I need to compare change in employment size for a sample of companies. I could use percentage change, however, the problem with it is that when the base is small, a small absolute change result in a large percentage change.

For instance, company A and B employment is 10 and 10,000 respectively. assuming both company increase their employment by 5. the percentage increase is 50% for A and 0.05% for B.

I recall reading somewhere that there are some measures that take into account the different initial value when measuring changes (e.g., multiplying relative change by a function of absolute change). However, I can't recall where I read it or the name of the indicator.

Anyone is aware of such indicator or is able to propose a solution?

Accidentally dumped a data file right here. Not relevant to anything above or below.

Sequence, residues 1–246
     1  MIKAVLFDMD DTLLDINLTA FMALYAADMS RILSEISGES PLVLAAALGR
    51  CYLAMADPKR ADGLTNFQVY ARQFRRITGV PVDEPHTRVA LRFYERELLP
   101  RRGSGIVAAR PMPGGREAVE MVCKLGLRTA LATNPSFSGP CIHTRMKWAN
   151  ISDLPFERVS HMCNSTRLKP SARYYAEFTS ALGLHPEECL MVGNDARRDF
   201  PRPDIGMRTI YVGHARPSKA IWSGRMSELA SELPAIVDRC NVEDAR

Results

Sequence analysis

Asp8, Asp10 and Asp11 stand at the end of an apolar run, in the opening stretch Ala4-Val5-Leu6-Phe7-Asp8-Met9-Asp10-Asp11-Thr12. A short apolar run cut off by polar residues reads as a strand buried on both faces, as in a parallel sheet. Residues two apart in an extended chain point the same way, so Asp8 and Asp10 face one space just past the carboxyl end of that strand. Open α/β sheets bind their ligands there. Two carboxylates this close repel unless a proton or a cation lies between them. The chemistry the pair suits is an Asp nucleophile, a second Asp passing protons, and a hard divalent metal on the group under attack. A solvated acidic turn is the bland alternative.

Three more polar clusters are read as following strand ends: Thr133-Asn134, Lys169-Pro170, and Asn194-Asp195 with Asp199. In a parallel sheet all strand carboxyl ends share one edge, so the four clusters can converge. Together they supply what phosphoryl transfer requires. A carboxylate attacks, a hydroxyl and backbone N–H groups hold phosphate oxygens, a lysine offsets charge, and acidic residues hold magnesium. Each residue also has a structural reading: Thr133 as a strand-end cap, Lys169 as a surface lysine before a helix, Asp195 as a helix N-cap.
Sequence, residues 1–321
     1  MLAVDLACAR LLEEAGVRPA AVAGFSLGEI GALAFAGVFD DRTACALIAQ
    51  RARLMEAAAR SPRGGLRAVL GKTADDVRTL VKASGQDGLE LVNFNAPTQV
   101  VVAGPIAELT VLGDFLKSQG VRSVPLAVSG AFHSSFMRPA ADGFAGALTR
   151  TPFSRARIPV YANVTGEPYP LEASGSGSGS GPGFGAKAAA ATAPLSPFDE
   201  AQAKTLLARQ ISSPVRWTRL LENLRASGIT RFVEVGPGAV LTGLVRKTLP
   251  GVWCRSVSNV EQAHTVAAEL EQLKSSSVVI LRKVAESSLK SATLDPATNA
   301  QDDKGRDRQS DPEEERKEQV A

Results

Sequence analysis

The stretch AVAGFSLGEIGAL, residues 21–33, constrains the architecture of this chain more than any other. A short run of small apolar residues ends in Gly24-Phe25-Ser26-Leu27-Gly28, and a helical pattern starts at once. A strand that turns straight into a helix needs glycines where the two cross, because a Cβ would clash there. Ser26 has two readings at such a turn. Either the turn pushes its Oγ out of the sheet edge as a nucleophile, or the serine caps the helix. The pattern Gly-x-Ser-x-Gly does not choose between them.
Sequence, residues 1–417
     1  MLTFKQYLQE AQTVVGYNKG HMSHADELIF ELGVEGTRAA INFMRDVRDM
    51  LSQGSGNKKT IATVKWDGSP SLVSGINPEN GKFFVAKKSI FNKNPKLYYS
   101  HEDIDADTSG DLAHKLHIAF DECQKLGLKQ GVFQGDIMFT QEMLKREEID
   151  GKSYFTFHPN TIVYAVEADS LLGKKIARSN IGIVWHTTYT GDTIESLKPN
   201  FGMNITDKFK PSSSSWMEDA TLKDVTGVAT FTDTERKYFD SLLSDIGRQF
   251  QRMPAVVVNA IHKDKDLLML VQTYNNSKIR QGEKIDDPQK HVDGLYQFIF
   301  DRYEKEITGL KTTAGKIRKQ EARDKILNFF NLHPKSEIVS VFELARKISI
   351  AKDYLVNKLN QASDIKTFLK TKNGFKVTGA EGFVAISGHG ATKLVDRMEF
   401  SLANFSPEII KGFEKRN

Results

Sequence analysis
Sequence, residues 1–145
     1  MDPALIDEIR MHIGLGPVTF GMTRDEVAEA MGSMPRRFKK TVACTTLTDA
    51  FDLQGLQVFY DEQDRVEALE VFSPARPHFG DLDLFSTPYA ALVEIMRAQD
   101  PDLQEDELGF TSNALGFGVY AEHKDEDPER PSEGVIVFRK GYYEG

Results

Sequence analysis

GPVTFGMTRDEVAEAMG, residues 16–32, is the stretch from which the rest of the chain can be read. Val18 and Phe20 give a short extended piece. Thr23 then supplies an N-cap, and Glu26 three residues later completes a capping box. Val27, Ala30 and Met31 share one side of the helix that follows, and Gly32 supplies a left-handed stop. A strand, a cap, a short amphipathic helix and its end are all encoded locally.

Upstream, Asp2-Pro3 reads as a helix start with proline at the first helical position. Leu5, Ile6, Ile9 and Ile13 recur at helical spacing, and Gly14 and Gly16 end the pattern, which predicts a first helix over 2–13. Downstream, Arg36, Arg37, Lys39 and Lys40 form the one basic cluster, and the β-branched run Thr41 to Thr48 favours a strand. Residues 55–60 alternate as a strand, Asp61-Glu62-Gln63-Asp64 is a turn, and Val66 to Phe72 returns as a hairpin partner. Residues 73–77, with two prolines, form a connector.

• $\begingroup$ What is this for? Regression analysis? $\endgroup$ Jun 4 '18 at 1:01
  • $\begingroup$ For flagging out extreme changes that might be data entry error $\endgroup$
    – Seamus Lam
    Jun 5 '18 at 2:02
  • $\begingroup$ Is there some reason not to compare % difference with average employment churn for that company? If company X generally increases/decreases their employment by 500 per month on average but this month they increased/decreased it by 9000 then it would flag that? You could calculate the standard deviation from average employment for each company? $\endgroup$ Jun 5 '18 at 3:05
  • $\begingroup$ thanks for the suggestion. I should have been clearer in my question or comment. The data come in annually, and some companies may only have one other data point for comparison. As such, we cant use standard deviation as a measure $\endgroup$
    – Seamus Lam
    Jun 5 '18 at 8:22


Törnqvist, Leo; Vartia, Pentti; Vartia, Yrjö (1985), "How Should Relative Changes Be Measured?", The American Statistician, 39 (1): 43–46, doi:10.2307/2683905


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